EVOO (Extra Virgin Olive Oil) is an acronym which causes me to visibly whence when I hear it uttered. There are a few kitchen celebrities I abhor…..however Rachel Ray is one of them. I have nothing against her per-se except the nauseating repetition with which she bandies EVOO and makes use of it in seemingly every dish she prepares. And to be a tad bit more catty- she chortles after saying ‘Grab the EVOO’ like a school girl giving a secret code to enter a club house. Nails on chalk board.
Regardless of my personal likes and dislikes the topic of Extra Virgin Olive Oil, or any olive oil for that matter, is rather an interesting one. I was shopping in WholePayCheck this morning when I noticed a woman deliberating over the numerous bottles of olive oils in front of her. She was growing more tense with each passing second. This is a feeling I know well, a phobia really, when I’m ultimately forced to go down the toothpaste isle and pick from among the seeming thousands of options. I freeze, cover my eyes, jab forth my hand until I blindly make a selection, then run as quickly as I can, hoping to leave the specter of second guessing and doubt far behind me.
Olive oil can be somewhat similar to the initiate, so here are some practical tips to help you discern a course of action when procuring:
First thing to note – Olive oil should NOT be your go to oil for all cooking regardless of what you see on television. Olive oil has a low smoking point, meaning if you are frying/sautéing the hell out of something, you’d be much better served with a vegetable oil or a peanut oil. That smoke boiling up, is literally you ruining your dish. Ummm back ground notes of acrid burnt oil. High heat? Use a different oil.
Second tier of decision making- do I want to taste the olives or don’t I? There are all kinds of grades of olive oil and you can basically drive yourself mad trying to classify them on your grocer’s shelves so I’ll stick to a somewhat high level. Extra Virgin is the realm in which you will get the most olive flavor from what is found on the average shelf. They can be, and tend to be darker in color (though this can be deceptive with some manufacturers who add coloring), more gently and naturally processed, and as a result retain more flavor. Extra Virgins are best employed for oil dressings, light infusions, dipping, and finishing. Pure and Light Olive oils have been heavily processed and therefore have less to no flavor. These can be used for your quick sautés and stir-fries- again a low to mid heat. I’d also use this quality if I were whipping up a fruity vinaigrette as you wouldn’t want to taste the olives anyway.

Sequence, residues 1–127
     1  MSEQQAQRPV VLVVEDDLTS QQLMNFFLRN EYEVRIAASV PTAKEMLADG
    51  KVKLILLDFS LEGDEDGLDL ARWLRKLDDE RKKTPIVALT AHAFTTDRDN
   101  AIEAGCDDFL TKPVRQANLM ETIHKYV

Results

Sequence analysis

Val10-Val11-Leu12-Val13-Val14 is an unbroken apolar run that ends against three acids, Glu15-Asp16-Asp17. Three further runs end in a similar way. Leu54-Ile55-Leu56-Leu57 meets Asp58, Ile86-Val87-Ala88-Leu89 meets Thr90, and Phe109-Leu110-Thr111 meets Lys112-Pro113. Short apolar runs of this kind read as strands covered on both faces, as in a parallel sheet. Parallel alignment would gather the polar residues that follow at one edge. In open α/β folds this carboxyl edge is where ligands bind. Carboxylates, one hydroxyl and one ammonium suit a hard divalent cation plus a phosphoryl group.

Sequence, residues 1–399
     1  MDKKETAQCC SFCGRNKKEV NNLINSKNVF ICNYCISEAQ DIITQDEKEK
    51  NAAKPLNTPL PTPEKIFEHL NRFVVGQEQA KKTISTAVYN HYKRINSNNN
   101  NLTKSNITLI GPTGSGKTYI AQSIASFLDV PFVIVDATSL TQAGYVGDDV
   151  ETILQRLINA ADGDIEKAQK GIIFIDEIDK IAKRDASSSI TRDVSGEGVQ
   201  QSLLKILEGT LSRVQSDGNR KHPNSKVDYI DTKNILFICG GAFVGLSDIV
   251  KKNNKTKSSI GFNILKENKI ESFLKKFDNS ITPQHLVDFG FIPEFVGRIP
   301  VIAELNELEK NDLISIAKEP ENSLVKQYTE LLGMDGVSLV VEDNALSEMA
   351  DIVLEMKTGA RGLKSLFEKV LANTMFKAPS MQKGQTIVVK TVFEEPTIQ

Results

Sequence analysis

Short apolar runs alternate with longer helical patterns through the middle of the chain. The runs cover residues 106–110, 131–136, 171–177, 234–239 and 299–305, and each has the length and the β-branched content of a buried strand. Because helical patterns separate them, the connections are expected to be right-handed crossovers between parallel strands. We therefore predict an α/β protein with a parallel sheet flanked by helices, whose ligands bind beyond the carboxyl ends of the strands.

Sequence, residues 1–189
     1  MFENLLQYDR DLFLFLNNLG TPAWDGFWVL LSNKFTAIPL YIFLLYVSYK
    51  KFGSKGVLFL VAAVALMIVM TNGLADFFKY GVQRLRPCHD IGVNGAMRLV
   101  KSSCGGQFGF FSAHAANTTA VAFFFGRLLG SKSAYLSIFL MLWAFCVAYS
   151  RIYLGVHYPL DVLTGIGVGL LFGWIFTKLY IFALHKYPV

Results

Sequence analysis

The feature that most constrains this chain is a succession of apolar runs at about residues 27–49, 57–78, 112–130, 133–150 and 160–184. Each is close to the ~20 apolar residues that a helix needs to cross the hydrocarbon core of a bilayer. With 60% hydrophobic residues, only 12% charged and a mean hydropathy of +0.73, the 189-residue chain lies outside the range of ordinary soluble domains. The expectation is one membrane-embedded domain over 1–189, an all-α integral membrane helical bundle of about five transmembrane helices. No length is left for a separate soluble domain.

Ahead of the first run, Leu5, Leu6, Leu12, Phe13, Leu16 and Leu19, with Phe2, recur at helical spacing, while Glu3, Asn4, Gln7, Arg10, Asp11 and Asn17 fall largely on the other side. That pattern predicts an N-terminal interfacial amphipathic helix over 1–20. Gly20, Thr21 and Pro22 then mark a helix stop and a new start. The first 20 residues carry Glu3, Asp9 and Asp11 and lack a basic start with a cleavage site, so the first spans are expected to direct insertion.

Most people can stop right here as this covers the bulk of olive oil usage in this country. Oh and worth noting; those olive oil shops that specialize in all the clever infusions- they are using light oil, putting all that crap in it to steep, then packaging the oil in a slightly tinted bottle for the masses to ooooo and ahhhh over. But hey, everybody has to make a buck so go buy a bottle or five.
The third qualifier in taking your olive oil game to the next level is seeking out a bottle of liquid gold where the contents are cloudy, murky even, with sediment at the bottom. Unfiltered olive oil is only for those occasions where you intend for that fruity, peppery and sometimes bitter taste to come crashing through to the front of the line. For some, unfiltered olive oil can be a little harsh but damn is it good once you’re accustomed. When I’m presented with a high quality olive oil my taste buds immediately transport me back to the Amalfi Coast or San Sebastián where, with some rustic local bread, I can sop this stuff up like pot-liquor and corn bread.
You will be hard pressed to find it in this country outside Sonoma, but some unfiltered is so fresh you have to keep it refrigerated or it will go rancid rather quickly. Bear in mind, like all things, the higher the quality, the more it is going to cost- but the less you are going to use it. Keep a few different go to oils on hand, each with its intended utility as the guide, and you’ll enjoy much more satisfying outcomes. And please don’t ever ever say ‘Grab the EVOO’ or you might get throat punched.